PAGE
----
Petting Endangered Animals
Would you do it?

by Ilona Kauremszky

Want to pet the world’s fastest land animal? Drop by the Spier Wine Estate, a 25-minute drive from Cape Town, South Africa, a neat Cheetah Outreach protection program that will let you do just that.

After touring the winery and sampling some award-winning vintages, I came across an enclosed pen. Inside was an endangered Southern African cheetah.

My curiosity was piqued, and I found some handlers who were willing to allow me to have my first cheetah encounter, up close and personal. A handler escorted me in to the pen and checked to make sure the cheetah was in an approachable mood before collaring him. People can stroke the cheetahs only if they appear relaxed — if they are sitting or lying down. Cheetahs are shy animals and naturally non-confrontational, which means they shouldn’t be approached head-on.

Then, they showed me the ins and outs of petting the big cats. Here are the cheetah petting tips I learned:

  1. Sit behind him.
  2. Gently stroke his back, avoiding his eyes.
  3. Don’t do anything sudden or aggressive.

The cheetah I met is Joseph. Born in captivity at a breeding centre in Pretoria, he was adopted by the Spier Cheetah Outreach program when only a baby. He has gone on to stardom and is a celebrity in his own right.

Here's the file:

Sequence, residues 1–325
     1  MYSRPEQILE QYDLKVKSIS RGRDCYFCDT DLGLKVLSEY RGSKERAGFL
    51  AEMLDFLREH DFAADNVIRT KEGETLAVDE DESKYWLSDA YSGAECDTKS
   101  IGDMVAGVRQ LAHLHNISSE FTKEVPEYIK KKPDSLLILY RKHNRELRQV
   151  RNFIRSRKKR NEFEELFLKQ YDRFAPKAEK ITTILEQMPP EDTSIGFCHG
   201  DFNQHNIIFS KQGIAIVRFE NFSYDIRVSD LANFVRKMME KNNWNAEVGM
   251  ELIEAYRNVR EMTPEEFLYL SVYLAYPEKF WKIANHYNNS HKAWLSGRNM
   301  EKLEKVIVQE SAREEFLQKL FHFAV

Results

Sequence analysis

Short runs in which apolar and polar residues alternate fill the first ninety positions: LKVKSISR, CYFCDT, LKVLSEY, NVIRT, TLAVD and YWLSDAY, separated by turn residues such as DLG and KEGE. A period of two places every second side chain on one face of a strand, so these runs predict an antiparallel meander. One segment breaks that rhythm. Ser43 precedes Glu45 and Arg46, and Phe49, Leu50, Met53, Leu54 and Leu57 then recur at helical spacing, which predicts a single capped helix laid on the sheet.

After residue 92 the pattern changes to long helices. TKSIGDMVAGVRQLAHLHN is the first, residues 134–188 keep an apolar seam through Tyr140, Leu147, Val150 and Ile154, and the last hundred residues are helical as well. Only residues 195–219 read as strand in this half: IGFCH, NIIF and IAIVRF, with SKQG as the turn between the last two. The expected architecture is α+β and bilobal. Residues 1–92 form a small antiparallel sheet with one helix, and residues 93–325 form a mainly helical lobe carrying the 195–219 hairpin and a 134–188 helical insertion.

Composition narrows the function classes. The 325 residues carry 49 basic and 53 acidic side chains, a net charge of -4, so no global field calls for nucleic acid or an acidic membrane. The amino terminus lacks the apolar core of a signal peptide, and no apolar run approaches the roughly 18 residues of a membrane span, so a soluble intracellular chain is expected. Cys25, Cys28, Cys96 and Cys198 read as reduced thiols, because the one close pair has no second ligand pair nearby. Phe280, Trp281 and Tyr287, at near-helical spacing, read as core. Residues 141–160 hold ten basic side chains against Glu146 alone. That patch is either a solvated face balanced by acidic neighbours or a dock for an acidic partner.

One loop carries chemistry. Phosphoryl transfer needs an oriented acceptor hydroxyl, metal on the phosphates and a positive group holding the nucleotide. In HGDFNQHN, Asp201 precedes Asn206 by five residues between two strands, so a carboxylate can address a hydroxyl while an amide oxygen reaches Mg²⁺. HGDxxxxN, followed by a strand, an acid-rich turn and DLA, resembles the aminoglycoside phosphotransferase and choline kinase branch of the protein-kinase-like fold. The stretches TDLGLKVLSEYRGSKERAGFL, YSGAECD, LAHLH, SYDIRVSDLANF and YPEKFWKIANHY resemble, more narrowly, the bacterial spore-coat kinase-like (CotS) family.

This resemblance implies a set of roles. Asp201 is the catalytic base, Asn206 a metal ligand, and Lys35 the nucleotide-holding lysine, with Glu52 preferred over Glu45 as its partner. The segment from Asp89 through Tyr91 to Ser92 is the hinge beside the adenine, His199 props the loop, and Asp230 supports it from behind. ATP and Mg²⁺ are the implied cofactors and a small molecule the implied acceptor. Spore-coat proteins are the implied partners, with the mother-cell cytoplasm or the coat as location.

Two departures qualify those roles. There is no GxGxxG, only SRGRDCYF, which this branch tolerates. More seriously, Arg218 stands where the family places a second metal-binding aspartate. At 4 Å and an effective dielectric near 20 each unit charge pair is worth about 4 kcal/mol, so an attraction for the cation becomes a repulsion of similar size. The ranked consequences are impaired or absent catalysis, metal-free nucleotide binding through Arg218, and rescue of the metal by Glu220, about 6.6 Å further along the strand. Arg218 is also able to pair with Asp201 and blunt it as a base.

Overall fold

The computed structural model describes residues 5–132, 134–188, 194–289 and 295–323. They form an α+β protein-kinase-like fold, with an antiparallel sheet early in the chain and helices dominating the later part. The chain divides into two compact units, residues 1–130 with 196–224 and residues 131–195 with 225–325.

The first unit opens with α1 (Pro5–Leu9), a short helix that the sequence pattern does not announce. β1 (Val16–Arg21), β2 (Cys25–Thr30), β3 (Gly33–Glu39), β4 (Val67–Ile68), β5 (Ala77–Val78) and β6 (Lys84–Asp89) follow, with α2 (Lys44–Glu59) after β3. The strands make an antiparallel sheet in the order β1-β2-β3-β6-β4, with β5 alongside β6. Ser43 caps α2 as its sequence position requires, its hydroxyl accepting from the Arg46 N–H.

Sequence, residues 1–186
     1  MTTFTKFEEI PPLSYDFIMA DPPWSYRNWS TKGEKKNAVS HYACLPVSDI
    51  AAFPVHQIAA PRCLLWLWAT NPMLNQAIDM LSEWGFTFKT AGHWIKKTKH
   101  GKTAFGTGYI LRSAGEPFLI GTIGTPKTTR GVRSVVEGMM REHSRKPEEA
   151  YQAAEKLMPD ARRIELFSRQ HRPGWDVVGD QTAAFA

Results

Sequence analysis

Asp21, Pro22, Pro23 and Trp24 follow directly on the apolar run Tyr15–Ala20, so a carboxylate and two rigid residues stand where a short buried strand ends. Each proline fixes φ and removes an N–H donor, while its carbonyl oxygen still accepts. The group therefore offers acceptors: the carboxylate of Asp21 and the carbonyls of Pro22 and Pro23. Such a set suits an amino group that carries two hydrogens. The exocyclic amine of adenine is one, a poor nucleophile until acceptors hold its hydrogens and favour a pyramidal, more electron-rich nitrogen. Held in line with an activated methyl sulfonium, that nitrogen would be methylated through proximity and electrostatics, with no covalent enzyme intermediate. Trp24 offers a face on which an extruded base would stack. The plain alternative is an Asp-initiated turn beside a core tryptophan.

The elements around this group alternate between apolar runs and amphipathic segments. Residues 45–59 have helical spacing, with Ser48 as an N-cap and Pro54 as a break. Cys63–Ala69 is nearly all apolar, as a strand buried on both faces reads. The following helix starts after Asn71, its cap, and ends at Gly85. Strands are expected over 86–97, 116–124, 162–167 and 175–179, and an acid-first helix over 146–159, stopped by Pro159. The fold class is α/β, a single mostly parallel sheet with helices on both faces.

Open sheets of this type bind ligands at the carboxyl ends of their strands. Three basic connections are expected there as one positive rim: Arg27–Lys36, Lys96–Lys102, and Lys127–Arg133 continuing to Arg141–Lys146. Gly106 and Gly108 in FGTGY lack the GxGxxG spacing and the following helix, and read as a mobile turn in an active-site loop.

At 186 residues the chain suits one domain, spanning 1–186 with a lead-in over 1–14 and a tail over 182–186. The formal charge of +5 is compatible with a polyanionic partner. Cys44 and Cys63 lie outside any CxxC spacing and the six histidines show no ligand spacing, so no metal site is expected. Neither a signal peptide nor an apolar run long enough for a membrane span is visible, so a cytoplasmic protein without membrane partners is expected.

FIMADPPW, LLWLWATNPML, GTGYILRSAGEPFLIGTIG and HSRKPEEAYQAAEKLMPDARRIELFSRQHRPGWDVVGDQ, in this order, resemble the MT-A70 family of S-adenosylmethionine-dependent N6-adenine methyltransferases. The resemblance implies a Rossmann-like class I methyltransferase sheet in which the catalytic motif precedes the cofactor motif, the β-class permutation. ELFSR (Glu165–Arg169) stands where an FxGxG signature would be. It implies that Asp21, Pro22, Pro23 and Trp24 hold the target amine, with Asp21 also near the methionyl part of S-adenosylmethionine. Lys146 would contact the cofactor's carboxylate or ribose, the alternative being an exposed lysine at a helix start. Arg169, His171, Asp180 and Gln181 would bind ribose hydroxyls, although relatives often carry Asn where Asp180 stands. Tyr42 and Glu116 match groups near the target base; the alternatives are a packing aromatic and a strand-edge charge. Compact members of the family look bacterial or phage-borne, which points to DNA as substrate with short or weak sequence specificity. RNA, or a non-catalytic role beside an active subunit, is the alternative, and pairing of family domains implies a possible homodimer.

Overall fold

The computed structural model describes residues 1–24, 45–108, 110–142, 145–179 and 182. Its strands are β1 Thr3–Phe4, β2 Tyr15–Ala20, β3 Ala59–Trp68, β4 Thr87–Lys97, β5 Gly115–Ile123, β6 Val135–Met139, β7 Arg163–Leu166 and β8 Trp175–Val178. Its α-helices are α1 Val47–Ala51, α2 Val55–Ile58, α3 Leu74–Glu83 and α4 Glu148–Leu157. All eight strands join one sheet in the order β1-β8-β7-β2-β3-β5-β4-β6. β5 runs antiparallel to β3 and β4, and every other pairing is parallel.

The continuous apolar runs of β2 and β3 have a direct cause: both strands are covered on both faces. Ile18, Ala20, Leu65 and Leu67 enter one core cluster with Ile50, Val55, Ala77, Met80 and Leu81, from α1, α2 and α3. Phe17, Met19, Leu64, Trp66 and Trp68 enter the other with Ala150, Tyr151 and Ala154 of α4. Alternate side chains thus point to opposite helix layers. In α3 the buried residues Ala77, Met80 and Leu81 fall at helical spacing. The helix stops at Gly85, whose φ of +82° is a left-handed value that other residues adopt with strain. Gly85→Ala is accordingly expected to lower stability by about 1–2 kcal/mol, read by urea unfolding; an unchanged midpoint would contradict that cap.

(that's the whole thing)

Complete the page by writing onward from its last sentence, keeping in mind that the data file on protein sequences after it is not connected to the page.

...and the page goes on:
He’s been in several films and photo shoots for magazines like French Vogue. If you watch a Patrick Swayze movie titled King Solomon’s Mines you will see this black-spotted, wild feline. The late actor was a keen conservationist who supported the Cheetah Outreach program when he discovered it during the film shoot.

Cheetahs are an endangered species. The Cheetah Outreach program was created to help educate visitors about the need to protect these wild animals and to create awareness about their plight. The numbers continue to plummet each year. Scientists have estimated their extinction in the wild could occur within the next 10 years. In South Africa, it’s estimated that only about 400 cheetahs remain in their natural environment.

The Spier Cheetah Outreach program was created by Annie Beckhelling, who launched it in 1997 with only one hectare of land provided by Spier wine estates.

The real take away I had from this experience was the fleeting moment between life and death, and how for a moment, even a gentle stroke with a cheetah can hold a lifetime of memories.

Watch the video below to get a real sense of what it’s like to get up close to a big cat.

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